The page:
The employer is responsible for health and safety obligations in the workplace, whether remote, in a hub or in somebody's home. The Health and Safety Authority has provided guidance for that throughout Covid-19 in respect of the obligations on employers performing health and safety assessments on workplaces, etc. There would not be a transfer of obligations to the employee in this legislation and it is not intended.

The Senator mentioned carbon reduction and that is a goal for the Government as a whole. There are a number of policy objectives that can be assisted by remote working, including increasing activation in disadvantaged groups in the labour market or greater regional dispersal. Carbon reduction is a key priority but we are also mindful that this would be a bit of a step change in the employer-employee relationship and we must be balanced and proportionate with the legislative measures we bring forward. We are attempting to do that.

The Senator made a point about social interaction and we got it over and over again in the public consultation. Many private individuals who had been working from home saw the benefits but they also saw some of the downside. There may be greater fatigue and difficulty switching off. There may also be difficulties arising from a lack of social interaction. They are considerations and many businesses have taken that on board in formulating policies and aiming for some aspect of a blended or hybrid scheme. The use of hubs may be considered at an organisational level. The Department, along with the Department of Rural and Community Development, has certainly put much money into funding hubs. That has been done in various funding schemes. There is consideration across a number of Departments in that regard.

Ms Áine Maher

I echo Mr. Doheny's points on carbon reduction and the wider suite of public policy benefits.

I fully agree with the Senator that those aspects are very important. I also agree with her important point around remote hubs and other ways in which we can ensure workers have the ability to interact socially. Remote hubs are included in the overall remote working strategy from which the commitment to legislate in this area stemmed. As Mr. Doheny referenced, colleagues in the Department of Rural and Community Development are working with a range of stakeholders on how best to utilise our current infrastructure around remote hubs to see whether it can be enhanced.

On the Senator's wider point, I understand the witnesses from Grow Remote reflected on the mindset shift around remote and hybrid work and the different options and opportunities, including remote hubs, that are increasingly becoming available to workers. They referred to their mapping and data-gathering exercise that will provide information on where people who are currently working remotely are based. We are following that research closely.

It is never going to be easy to legislate on this issue because there always will be employees who might try to take the piss and there also will be employers who might just say "No" to remote working because they are control freaks. It is difficult because each employer and employee is individual and every job is individual. It is a challenge to legislate because the law applies to everybody. I appreciate the nuance that is needed in this regard.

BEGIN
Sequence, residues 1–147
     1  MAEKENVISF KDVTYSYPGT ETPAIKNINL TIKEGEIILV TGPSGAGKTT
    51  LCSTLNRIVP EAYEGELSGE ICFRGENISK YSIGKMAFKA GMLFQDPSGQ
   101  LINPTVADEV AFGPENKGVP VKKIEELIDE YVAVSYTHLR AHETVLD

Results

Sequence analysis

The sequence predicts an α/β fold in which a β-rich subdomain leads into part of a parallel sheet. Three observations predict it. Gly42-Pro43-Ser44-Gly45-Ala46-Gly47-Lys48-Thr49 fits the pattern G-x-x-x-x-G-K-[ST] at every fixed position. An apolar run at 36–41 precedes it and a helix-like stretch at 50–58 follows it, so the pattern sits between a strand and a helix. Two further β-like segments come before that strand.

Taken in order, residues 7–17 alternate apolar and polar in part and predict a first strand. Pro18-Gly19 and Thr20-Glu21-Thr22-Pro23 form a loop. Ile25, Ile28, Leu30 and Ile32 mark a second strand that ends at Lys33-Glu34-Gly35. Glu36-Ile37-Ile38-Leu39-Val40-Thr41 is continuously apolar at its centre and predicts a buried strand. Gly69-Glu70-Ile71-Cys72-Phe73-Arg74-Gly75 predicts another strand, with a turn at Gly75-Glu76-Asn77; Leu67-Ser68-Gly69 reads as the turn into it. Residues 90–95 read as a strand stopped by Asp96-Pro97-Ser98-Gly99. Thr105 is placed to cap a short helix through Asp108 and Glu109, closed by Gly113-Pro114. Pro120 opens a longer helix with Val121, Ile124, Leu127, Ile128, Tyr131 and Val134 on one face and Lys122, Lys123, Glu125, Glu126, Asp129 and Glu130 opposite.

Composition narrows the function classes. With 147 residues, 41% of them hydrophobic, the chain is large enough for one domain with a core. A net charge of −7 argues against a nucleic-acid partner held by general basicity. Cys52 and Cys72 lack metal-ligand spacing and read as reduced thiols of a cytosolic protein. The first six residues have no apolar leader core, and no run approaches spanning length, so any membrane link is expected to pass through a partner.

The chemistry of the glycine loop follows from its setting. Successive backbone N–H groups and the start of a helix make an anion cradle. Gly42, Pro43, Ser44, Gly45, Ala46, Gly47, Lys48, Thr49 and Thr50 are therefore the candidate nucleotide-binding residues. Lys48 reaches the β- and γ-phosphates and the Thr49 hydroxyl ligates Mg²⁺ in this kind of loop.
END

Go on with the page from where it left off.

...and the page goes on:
When I worked remotely from home and sometimes felt the need to see other humans, I had to pay to use the local hub. My employer would not pay for it. Consideration might be given to introducing a reduced rate for people in that situation or requiring employers to pay for it if they are letting people work full-time from home. I had it in my head that if I am using my home office to work for an employer, I am saving that company from having to rent or otherwise provide office space for me. It is something to think about. In using my own electricity and heating, I saved my employer a lot of money. I would expect a company to set employees up properly to work in their own home. In my case, my employers did that but, at the same time, I had to pay to use the hub and I paid for my own heating and electricity usage. The company did pay for my broadband usage, or most of it, which was good.

I wish the witnesses the best of luck in this. It will not be easy to please everybody. I would love to hear about the mistakes that have been made in Britain. I do not know whether we should set our bar in accordance with anything that is done there. If my memory serves me correctly, it has never been a place that is great at managing workers' rights. However, we must learn from others. I am not sure what the witnesses have learned from Grow Remote or other companies that have facilitated remote working and whether such learning has helped them to formulate the Bill. I thank them for their continued work on this issue.

Mr. Dermot Mulligan

To clarify, the reference to Grow Remote and Glofox related to proceedings at this committee. We have not had bilateral discussions with those companies.

Have the witnesses considered what provisions will apply in respect of people who are allowed to work full-time from home? I suppose they need to get the Bill completed first and then we can move to working out those details. I will talk to them after the Bill is done. With my 14 years of experience working from home, I have loads of ideas. I wish them the best of luck.

I am very supportive of this Bill. I thank Mr. Mulligan for his opening statement, in which he referred to his intention to look at a reduction in the number of grounds for refusal and to strengthen the redress provisions and the right to appeal. I will focus in the time available to me on heads 6 and 12.